Museums are looking for successful ways to engage new audiences and create communities of interest, on the internet and through mobile technologies. Crowd sourced projects are one means to accomplish these goals and there are many inspiring, useful and playful projects out there.
We’re proposing an unconference session that looks at a handful of successful examples to see how they are relevant to museums, and challenges the group to come up with other creative, productive approaches that are inherent to the strengths of their institutions.
We plan to review several types of crowd sourced projects, such as those in which:
1. people create/provide a unique artwork, photo, comment or piece of writing to contribute to a single larger whole:
- River Run: an exquisite corpse writing project
- The Johnny Cash Project: a collaborative drawing/music video: www.thejohnnycashproject.com/#
- Exquisite Clock: an exquisite corpse type of photo project: www.exquisiteclock.org/clock/index.php?live=1&tag=random
- Scapes: a collaboration between sound artist Halsey Burgand and visitors to the de Cordova Sculpture Park: www.decordova.org/art/exhibitions/current/scapes.html
2. People collectively re-use materials:
- Natalie Jeremijenko’s feral robot dog project where she teaches people in workshops to hack disposed-of robot pets and turn them into environmental toxin sniffers, where they then create toxin maps of their local environments: www.nyu.edu/projects/xdesign/feralrobots/
3. People contribute skills, expertise and time,
- as in the The Extraordinaries: which some museums are using to collect information on their images www.theextraordinaries.org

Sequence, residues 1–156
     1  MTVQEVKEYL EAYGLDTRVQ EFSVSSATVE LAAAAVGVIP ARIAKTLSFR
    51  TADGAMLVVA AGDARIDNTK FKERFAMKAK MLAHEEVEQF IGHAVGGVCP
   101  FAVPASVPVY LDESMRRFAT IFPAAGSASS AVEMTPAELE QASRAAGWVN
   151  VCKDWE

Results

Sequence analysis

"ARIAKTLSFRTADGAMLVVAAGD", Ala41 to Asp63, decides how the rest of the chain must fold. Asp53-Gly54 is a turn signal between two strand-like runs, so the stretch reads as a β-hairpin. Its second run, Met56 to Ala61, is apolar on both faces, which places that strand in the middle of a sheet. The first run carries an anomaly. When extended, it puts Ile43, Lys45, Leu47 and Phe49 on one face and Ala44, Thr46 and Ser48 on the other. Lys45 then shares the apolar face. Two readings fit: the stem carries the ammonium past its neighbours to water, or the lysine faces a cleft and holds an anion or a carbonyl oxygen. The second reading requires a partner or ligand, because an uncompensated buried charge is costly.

- Expert Labs: www.expertlabs.org
- We’ve Got Time to Help: www.wevegottimetohelp.org
4. People contribute to citizen science projects
- Boston Museum of Science is using the website Innocentive to help find the next idea for a major science/technology exhibition: gw.innocentive.com/ar/challenge/9719645. Innocentive is a website that connects organizations seeking answers to scientific challenges with scientists and others who can solve the problems.
- Cornell’s backyard bird mapping project: ebird.org/content/ebird/news/yardmap_survey
5. People actively collect data for public use:
6. People using public data to create useful maps and tools, as in:
As a result of the conversation on mining the wisdom of the crowd, we could also do just that within our own community. We could consider setting up a crowdsourced research/resource project where people could contribute recommendations of successful projects or ideas for projects!
Type: Unconference session
Keywords: crowdsourcing, community, creativity, social networking, user generated content
Relevance: Curators, Digital Media or Interpretive Technology staff, Marketing & PR. The relevance lies in the concept of crowd sourced projects to help museums build community, be places or provide content that people use, not just visit (to borrow a term from Nina Simon!)